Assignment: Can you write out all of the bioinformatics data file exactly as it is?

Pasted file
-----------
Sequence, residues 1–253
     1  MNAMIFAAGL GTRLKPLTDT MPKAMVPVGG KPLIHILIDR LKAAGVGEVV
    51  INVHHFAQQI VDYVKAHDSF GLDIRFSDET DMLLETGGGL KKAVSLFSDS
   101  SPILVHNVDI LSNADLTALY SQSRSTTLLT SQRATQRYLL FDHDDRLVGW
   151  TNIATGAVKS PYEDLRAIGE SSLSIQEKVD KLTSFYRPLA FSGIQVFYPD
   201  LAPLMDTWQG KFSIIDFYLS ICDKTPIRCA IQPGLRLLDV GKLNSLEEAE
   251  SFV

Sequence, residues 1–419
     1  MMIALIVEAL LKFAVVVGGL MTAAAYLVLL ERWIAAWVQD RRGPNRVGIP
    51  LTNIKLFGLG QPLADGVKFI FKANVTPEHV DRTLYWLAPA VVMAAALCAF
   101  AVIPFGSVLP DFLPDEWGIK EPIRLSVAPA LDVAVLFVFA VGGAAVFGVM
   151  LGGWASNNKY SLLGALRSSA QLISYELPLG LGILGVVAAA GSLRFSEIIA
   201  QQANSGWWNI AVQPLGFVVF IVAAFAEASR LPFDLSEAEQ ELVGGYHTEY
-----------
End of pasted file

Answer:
Sequence, residues 1–253
     1  MNAMIFAAGL GTRLKPLTDT MPKAMVPVGG KPLIHILIDR LKAAGVGEVV
    51  INVHHFAQQI VDYVKAHDSF GLDIRFSDET DMLLETGGGL KKAVSLFSDS
   101  SPILVHNVDI LSNADLTALY SQSRSTTLLT SQRATQRYLL FDHDDRLVGW
   151  TNIATGAVKS PYEDLRAIGE SSLSIQEKVD KLTSFYRPLA FSGIQVFYPD
   201  LAPLMDTWQG KFSIIDFYLS ICDKTPIRCA IQPGLRLLDV GKLNSLEEAE
   251  SFV

Sequence, residues 1–419
     1  MMIALIVEAL LKFAVVVGGL MTAAAYLVLL ERWIAAWVQD RRGPNRVGIP
    51  LTNIKLFGLG QPLADGVKFI FKANVTPEHV DRTLYWLAPA VVMAAALCAF
   101  AVIPFGSVLP DFLPDEWGIK EPIRLSVAPA LDVAVLFVFA VGGAAVFGVM
   151  LGGWASNNKY SLLGALRSSA QLISYELPLG LGILGVVAAA GSLRFSEIIA
   201  QQANSGWWNI AVQPLGFVVF IVAAFAEASR LPFDLSEAEQ ELVGGYHTEY